History of Panama Canal – Building & Expansion: Historical Overview – Early Building Proposals & Canal Construction

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The US's intentions to influence the area (especially the Panama Canal construction and control) led to the separation of Panama from Colombia in 1903.

Building a Panama Canal in the early 1900s was not a new idea – the history of Panama Canal construction dates back to the 16th Century, 400 years before its completion.

The Panama Canal is a vital shipping lane linking the Caribbean Sea to the Pacific Ocean. Opened in 1914, it was one of the greatest engineering projects of the modern age. However, the concept of a canal through the Isthmus of Panama was not a new one. The navigational possibilities of the isthmus, a comparatively narrow strip of land linking North and South America, had been realized as far back as the 16th Century.

Panama Canal History – Original Concept

In 1513, Spanish explorer Vasco Núñez de Balboa led an expedition across the Isthmus of Panama. He, like Columbus and Cortes, had heard from natives that to the west lay a great ocean, separated by only a narrow tract of land. On 25th September 1513 he became the first European to reach and set eyes upon the Pacific Ocean.

It was immediately obvious that the Isthmus of Panama was a vital bridge across the Americas; a potential passage that would allow access from sea to sea without having to navigate Cape Horn at the southernmost tip of South America.

Historian J. Saxon Mills states that the original concept of an artificial water route through the isthmus should be attributed to Alvaro de Saavedra Ceron. Ceron, a cousin of Cortez, had been in Panama with Balboa and had spent many years unsuccessfully searching the coast of Latin America for a navigable strait linking the Atlantic with the Pacific.

Growing doubtful that such a strait existed, Ceron turned his attentions towards the Isthmus of Panama and, as Saxon Mills relates, “prepared plans for the construction of a waterway there – almost precisely along the route chosen for the American canal nearly four hundred years later”. However, Ceron died before his ideas could be put into practice.

Further Panama Canal Construction Surveys

It would appear that Ceron did not take his ideas to the grave. In 1534, Charles V, King of Spain, formally ordered further investigation into the possibility of an artificial waterway across the Isthmus of Panama. He ordered the Governor of Costa Firme (the old name for the Panama region) to survey the Chagres River valley as a potential route for the construction of a ship canal.

Once again, the surveyed route followed to a large extent the course of the present day Panama Canal. However, the governor politely informed Charles V that the undertaking of such an engineering feat was impossible. Overland trading routes across the Isthmus of Panama became the accepted norm for many years to follow.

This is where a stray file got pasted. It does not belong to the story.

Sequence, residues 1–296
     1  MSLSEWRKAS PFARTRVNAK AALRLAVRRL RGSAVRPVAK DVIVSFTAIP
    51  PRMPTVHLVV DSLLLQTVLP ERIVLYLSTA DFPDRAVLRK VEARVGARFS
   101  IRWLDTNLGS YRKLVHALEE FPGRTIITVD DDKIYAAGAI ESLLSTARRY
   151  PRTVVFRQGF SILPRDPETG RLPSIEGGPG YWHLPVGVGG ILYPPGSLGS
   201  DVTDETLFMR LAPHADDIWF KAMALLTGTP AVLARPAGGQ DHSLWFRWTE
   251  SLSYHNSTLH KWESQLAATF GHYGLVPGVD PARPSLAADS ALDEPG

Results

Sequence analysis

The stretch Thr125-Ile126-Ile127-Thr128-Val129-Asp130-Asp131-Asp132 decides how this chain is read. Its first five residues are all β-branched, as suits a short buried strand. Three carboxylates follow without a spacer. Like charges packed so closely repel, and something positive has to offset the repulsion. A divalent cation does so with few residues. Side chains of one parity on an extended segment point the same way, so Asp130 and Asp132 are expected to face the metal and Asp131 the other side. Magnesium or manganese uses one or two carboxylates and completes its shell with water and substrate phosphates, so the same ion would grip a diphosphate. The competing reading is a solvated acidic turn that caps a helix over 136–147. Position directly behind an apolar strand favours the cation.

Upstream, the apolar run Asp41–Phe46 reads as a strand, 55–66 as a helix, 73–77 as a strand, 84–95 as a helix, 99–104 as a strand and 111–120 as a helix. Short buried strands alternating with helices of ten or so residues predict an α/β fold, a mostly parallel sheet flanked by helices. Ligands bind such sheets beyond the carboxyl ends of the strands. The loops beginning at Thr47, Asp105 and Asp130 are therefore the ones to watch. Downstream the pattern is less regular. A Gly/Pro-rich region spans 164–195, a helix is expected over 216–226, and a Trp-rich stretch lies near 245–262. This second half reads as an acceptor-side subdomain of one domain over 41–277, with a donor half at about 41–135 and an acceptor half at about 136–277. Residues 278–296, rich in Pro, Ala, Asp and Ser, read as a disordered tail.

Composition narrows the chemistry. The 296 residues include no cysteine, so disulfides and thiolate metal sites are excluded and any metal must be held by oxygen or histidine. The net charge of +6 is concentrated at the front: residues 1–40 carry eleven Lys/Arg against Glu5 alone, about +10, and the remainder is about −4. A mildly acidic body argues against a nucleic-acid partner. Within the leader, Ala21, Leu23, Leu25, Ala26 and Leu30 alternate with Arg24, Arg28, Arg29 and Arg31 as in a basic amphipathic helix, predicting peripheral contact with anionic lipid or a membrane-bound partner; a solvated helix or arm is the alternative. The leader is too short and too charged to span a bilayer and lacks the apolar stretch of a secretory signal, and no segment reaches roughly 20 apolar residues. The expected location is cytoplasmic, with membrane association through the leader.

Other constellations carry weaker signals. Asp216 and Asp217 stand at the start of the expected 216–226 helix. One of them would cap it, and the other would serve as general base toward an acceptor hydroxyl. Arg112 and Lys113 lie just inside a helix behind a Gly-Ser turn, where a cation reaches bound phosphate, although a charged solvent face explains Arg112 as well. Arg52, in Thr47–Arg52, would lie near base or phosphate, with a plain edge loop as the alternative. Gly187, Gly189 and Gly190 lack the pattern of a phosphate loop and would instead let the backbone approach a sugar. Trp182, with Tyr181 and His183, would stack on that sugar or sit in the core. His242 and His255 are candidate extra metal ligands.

Alessandro Malaspina & Panama Canal Building Plans

Not until the late 18th Century did a new Panama Canal construction project be given much serious thought. The epic 1789-1794 scientific expedition of Alessandro Malaspina, again under the Spanish flag, saw Malaspina visit Spanish colonies and other territories throughout the Americas. When the expedition landed in Panama, Malaspina planned out the excavation of the Panama Canal, for the first time demonstrating the feasibility of the undertaking.

Ferdinand de Lesseps & the First Panama Canal Construction Efforts

Overland links continued on the Isthmus of Panama, facilitated by the construction of the Panama Railway in 1855. Panama was now free of Spanish colonial rule, Spain having lost its hold on Latin America. The idea of a water route through the Isthmus of Panama had not been forgotten, and a new phase in the history of the Panama Canal was beginning.

In the 1880s a French company under Ferdinand de Lesseps finally set about the construction. However, the French were poorly prepared, both physically and logistically, for the task ahead.

Their attempt to build a sea-level canal (one which did not utilize locks) was a disaster. Malaria and yellow fever decimated the workforce, equipment rusted and failed in the heat and humidity, and geological and hydrological considerations had been badly managed. The project was abandoned in 1889 at the expense of over 20,000 lives.

Successful Construction – Panama Canal Built in 1914

The construction of the Panama Canal would finally be realized when the United States, during the presidency of Theodore Roosevelt, bought out the French equipment and excavations. Work began in 1904 and the Panama Canal was finally opened in 1914.

Four hundred years had passed since Vasco Núñez de Balboa first crossed the Isthmus of Panama and Alvaro de Saavedra Ceron had considered the construction of an artificial waterway. The two great oceans, the Atlantic and the Pacific, had finally been linked through the landmass of Latin America.

Sources:

  1. J. Saxon Mills – The Panama Canal: A History and Description of the Enterprise, Van Rensselaer Press, 2008, ISBN 1408690659
  2. Ervan G. Garrison – A History of Engineering and Technology: Artful Methods, CRC Press, 1998, ISBN 084939810X